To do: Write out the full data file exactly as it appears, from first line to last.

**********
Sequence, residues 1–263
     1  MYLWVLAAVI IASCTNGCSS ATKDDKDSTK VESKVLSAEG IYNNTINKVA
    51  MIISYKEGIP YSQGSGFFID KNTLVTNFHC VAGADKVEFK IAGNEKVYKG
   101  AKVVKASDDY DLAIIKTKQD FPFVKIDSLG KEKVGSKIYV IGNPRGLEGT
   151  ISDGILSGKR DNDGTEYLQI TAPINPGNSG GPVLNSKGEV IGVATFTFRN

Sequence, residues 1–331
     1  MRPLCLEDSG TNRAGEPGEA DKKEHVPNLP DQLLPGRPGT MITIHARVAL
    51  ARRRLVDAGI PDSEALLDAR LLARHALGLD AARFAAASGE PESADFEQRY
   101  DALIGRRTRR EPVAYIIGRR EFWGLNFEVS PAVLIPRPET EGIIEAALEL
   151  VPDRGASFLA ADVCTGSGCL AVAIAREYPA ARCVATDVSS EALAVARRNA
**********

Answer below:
Sequence, residues 1–263
     1  MYLWVLAAVI IASCTNGCSS ATKDDKDSTK VESKVLSAEG IYNNTINKVA
    51  MIISYKEGIP YSQGSGFFID KNTLVTNFHC VAGADKVEFK IAGNEKVYKG
   101  AKVVKASDDY DLAIIKTKQD FPFVKIDSLG KEKVGSKIYV IGNPRGLEGT
   151  ISDGILSGKR DNDGTEYLQI TAPINPGNSG GPVLNSKGEV IGVATFTFRN

Sequence, residues 1–331
     1  MRPLCLEDSG TNRAGEPGEA DKKEHVPNLP DQLLPGRPGT MITIHARVAL
    51  ARRRLVDAGI PDSEALLDAR LLARHALGLD AARFAAASGE PESADFEQRY
   101  DALIGRRTRR EPVAYIIGRR EFWGLNFEVS PAVLIPRPET EGIIEAALEL
   151  VPDRGASFLA ADVCTGSGCL AVAIAREYPA ARCVATDVSS EALAVARRNA